- Work experience: the meat and potatoes of your job application. It’s where you tell your career history. Your job titles, company names, duties, and years worked—these go into this section.
- Education on a resume: your school names, degrees, major/minors, and optionally—GPA plus relevant coursework.
- Resume skills: job-related skills that may be of value to your prospective employer. Well-crafted key skills sections can boost your chances of getting a job. Always include soft skills and hard skills, and keep in mind that, according to a study, 76% of recruiters prefer the two types of skills separated from one another.
These resume sections are more than necessary. But you can also list other resume sections depending on the job you’re targeting.
Consider adding extra information to your resume as well:
- Certifications and licenses
- Resume languages
- Awards and honors
- Volunteer work
- Hobbies and interests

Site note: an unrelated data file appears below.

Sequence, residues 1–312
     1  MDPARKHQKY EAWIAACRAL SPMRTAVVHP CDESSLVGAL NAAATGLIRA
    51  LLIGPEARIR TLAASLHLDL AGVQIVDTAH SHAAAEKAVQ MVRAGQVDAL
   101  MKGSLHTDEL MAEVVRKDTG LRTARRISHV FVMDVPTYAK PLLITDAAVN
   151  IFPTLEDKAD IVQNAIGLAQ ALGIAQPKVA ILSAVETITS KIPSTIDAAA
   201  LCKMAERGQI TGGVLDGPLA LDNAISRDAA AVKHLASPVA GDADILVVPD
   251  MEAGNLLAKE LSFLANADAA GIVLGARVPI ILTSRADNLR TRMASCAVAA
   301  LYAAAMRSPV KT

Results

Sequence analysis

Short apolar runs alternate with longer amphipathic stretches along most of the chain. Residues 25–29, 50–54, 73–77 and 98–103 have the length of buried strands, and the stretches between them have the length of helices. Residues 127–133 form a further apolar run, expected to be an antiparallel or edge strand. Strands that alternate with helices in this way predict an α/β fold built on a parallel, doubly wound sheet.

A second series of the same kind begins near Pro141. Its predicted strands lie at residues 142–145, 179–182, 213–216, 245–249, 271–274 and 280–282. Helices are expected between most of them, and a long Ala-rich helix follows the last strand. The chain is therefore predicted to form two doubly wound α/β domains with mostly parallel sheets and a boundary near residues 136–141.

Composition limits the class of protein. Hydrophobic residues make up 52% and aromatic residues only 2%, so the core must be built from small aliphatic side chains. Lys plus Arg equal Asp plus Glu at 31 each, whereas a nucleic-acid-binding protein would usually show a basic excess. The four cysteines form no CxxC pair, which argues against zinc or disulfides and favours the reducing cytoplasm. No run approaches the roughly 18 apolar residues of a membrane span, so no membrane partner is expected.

- Freelance work experience
If you a fresher on the job market? List your education first, and don’t forget about internships, extracurricular activities, and volunteer work. Find out more: First Resume with No Work Experience Samples: Guide + Examples
Remember to double check your resume for grammatical errors and typos. These are always a big no-no.
Plus, keep it short and sweet. According to our HR statistics report, Hiring managers look at each resume only for about six seconds. If your resume feels like a never-ending story with plot twists and turns—it won’t sell well.
Pro Tip: Looking at your resume and “responsible for” pops out more than ten times? Avoid weak words and use resume action words instead. These will help your resume go through the Applicant Tracking Software (ATS), used by about 75% of hiring managers according to the Capterra’s survey.
Plus, a great cover letter that matches your resume will give you an advantage over other candidates. You can write it in our cover letter builder here. Here's what it may look like:
Here’s a recap of what you should know before sending your resume to the future employer:
- Your resume is a marketing document. It’s used to make a favorable impression on the recruiter.
- Treat your resume as a summary of your work experience, education, and skills. Be concise and list only key career wins. Plus, be relevant.
- Make your resume aesthetically pleasing. Use the best formatting rules.
- Respect your reader, proofread your resume and make it high-quality.
What do you think about the resume definition above? Does this brief overview answer your resume questions? Give me a shout in the comments!